Burgess v. Booker, 040913 FED6, 10-2633

Docket Nº:10-2633
Opinion Judge:Rose, District Judge.
Party Name:ARTHUR BURGESS, Petitioner-Appellant, v. RAYMOND BOOKER, Respondent-Appellee.
Judge Panel:Before: MOORE and COLE, Circuit Judges; and ROSE, District Judge. KAREN NELSON MOORE, Circuit Judge, concurring in the judgment.
Case Date:April 09, 2013
Court:United States Courts of Appeals, Court of Appeals for the Sixth Circuit
 
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ARTHUR BURGESS, Petitioner-Appellant,

v.

RAYMOND BOOKER, Respondent-Appellee.

No. 10-2633

United States Court of Appeals, Sixth Circuit

April 9, 2013

NOT RECOMMENDED FOR FULL-TEXT PUBLICATION

ON APPEAL FROM THE UNITED STATES DISTRICT COURT FOR THE EASTERN DISTRICT OF MICHIGAN

Before: MOORE and COLE, Circuit Judges; and ROSE, District Judge. [*]

OPINION

Rose, District Judge.

Petitioner-Appellant Arthur Burgess appeals the denial of his petition for a writ of habeas corpus challenging his conviction for the murder of three individuals in Dearborn, Michigan. Petitioner-Appellant asserts that the writ should issue because his constitutional rights under Brady v. Maryland, 451 U.S. 477 (1981) were violated, because his constitutional rights under Strickland v. Washington, 466 U.S. 688 (1984) were violated, and because his rights under Evitts v. Lucey, 469 U.S. 387 (1985) were violated. The panel will AFFIRM the dismissal of the petition, as neither Petitioner's rights under Brady v. Maryland, 451 U.S. 83 (1967), nor those under Strickand v. Washington, 466 U.S. 668 (1984) and Evitts v. Lucey, 469 U.S. 387 (1985) were violated.

I. JURISDICTION

The district court exercised jurisdiction under 28 U.S.C. § 2254. This Court has jurisdiction over final orders pursuant to 28 U.S.C. § 1291 and additionally over issues certified under 28 U.S.C. § 2253(c).

II. STANDARD OF REVIEW

Section 2254(d) imposes the following standard of review in a habeas case:

An application for a writ of habeas corpus on behalf of a person in custody pursuant to the judgment of a State court shall not be granted with respect to any claim that was adjudicated on the merits in State court proceedings unless the adjudication of the claim—

(1) resulted in a decision that was contrary to, or involved an unreasonable application of, clearly established Federal law, as determined by the Supreme Court of the United States; or

(2)resulted in a decision that was based on an unreasonable determination of the facts in light of the evidence presented in the State court proceeding.

Id. § 2254(d).

A decision is "contrary to" clearly established federal law "if the state court arrives at a conclusion opposite to that reached by [the Supreme] Court on a question of law or if the state court decides a case differently than [the Supreme] Court has on a set of materially indistinguishable facts." Williams v. Taylor, 529 U.S. 362, 413 (2000). A decision involves an "unreasonable application" of clearly established federal law "if the state court identifies the correct governing legal principle from [the Supreme] Court's decisions but unreasonably applies that principle to the facts of the prisoner's case." Id.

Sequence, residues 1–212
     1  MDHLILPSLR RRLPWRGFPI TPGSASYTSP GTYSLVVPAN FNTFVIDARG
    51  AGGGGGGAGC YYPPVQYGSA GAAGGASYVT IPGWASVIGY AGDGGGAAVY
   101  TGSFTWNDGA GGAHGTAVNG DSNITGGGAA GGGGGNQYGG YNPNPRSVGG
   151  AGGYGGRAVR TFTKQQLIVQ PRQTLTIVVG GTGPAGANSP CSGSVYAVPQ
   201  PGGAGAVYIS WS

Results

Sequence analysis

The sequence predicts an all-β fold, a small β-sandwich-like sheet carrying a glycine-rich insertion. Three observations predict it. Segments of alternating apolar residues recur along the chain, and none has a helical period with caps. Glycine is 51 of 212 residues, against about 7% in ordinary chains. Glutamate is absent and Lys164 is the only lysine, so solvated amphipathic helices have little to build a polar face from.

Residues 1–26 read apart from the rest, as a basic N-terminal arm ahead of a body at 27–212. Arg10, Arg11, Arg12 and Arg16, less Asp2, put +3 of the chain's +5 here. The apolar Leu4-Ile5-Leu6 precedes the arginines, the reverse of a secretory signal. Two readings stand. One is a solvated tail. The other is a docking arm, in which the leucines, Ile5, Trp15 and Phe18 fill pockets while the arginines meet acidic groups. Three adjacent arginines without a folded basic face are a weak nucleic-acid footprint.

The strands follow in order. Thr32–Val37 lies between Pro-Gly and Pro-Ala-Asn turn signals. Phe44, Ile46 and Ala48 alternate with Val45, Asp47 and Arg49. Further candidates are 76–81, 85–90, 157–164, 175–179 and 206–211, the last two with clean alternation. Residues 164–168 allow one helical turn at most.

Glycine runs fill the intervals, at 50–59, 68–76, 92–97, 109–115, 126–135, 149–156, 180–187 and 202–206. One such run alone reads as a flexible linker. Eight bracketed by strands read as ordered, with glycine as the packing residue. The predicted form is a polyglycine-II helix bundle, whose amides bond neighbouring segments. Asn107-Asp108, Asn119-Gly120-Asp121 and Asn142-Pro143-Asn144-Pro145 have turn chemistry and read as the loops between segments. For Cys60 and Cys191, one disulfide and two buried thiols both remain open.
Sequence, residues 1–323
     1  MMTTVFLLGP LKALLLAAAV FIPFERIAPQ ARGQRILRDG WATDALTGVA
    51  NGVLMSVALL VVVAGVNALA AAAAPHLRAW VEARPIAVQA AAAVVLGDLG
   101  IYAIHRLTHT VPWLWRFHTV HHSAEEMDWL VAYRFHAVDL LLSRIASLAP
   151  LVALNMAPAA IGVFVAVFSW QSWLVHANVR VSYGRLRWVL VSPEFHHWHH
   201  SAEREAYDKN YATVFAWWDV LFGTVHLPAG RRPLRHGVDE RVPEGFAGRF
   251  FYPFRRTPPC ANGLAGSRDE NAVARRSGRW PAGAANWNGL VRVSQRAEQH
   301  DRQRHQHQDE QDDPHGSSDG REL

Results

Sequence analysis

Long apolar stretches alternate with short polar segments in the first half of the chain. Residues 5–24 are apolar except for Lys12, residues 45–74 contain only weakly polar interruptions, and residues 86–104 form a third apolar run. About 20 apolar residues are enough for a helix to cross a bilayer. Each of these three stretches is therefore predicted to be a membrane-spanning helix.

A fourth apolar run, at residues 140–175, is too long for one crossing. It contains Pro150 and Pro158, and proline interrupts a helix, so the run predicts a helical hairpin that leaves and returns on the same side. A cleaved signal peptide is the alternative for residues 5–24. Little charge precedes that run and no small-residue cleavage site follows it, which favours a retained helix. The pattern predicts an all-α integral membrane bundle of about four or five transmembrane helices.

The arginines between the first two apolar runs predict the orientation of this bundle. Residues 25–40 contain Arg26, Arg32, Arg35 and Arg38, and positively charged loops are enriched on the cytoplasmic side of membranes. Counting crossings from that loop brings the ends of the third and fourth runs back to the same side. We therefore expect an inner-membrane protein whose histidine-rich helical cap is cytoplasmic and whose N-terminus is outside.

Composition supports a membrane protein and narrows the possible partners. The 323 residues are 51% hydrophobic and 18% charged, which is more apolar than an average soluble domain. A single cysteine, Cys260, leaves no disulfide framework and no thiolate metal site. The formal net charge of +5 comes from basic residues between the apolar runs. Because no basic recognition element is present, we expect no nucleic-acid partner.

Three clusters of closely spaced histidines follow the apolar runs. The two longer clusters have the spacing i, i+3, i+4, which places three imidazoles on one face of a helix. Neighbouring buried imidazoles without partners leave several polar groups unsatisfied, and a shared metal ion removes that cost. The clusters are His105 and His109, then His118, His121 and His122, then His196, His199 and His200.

III. FACTS AND PROCEDURE

Arthur Burgess was found guilty of the April 14, 1974 murders of his romantic rival and dishonest narcotic supplier Leslie Kinsman, as well as Kinsman's landlord, Victor Bossio, and Kinsman's bodyguard, James Ketelaar in Kinsman's apartment in Dearborn, Michigan. His conviction was supported by the testimony of two men: Scott Allan Croydon and Claude Johnson. Burgess now posits that another man present at the murder scene, Roman Poronczuk, committed the murder and that the testimony supporting his conviction was fabricated.

Kinsman lived with Mary, his wife of nine months, and their three-month-old son. Mary testified that on April 12, 1974 she heard someone enter the side door to the house, which led jointly to the two residences in the house, the Kinsmans' upstairs apartment and the landlord Bossio's abode in the basement. A few minutes after Mary heard the entrance, Bossio came up the stairs, knocked on the kitchen door, and stated that he wanted to see Leslie in the basement. Leslie Kinsman went to the basement alone.

Shortly thereafter Mary heard three shots from the basement. She started for the kitchen with Ketelaar, the bodyguard, ahead of her. She heard someone running up the stairs. Ketelaar stepped into the open door and shouted "what the hell is going on." Mary then heard another shot and saw Ketelaar fall backwards. Mary heard the outer door slam and a car start and speed away.

Mary yelled downstairs for Leslie with no response. When she walked down the stairs and into Victor Bossio's apartment she saw Bossio lying on the floor with his face covered with blood. She ran up the stairs and called Oakwood Hospital. She was told to call the police. Shortly thereafter, she called some friends who called the police. The police arrived within minutes.